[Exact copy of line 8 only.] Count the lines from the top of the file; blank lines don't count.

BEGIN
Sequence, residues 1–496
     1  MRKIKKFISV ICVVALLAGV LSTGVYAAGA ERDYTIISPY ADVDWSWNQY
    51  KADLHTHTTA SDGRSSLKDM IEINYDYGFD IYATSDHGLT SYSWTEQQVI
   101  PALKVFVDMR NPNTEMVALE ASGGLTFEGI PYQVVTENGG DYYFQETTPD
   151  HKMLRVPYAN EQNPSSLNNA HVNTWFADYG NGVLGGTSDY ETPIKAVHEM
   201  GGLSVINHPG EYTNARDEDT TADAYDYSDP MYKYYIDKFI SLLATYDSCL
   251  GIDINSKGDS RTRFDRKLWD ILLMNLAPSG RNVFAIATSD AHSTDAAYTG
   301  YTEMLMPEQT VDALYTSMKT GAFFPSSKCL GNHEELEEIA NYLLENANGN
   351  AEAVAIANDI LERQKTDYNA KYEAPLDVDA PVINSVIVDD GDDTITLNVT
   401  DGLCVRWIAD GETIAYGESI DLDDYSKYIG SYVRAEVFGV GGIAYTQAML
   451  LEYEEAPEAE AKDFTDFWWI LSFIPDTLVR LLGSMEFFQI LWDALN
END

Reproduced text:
   301  YTEMLMPEQT VDALYTSMKT GAFFPSSKCL GNHEELEEIA NYLLENANGN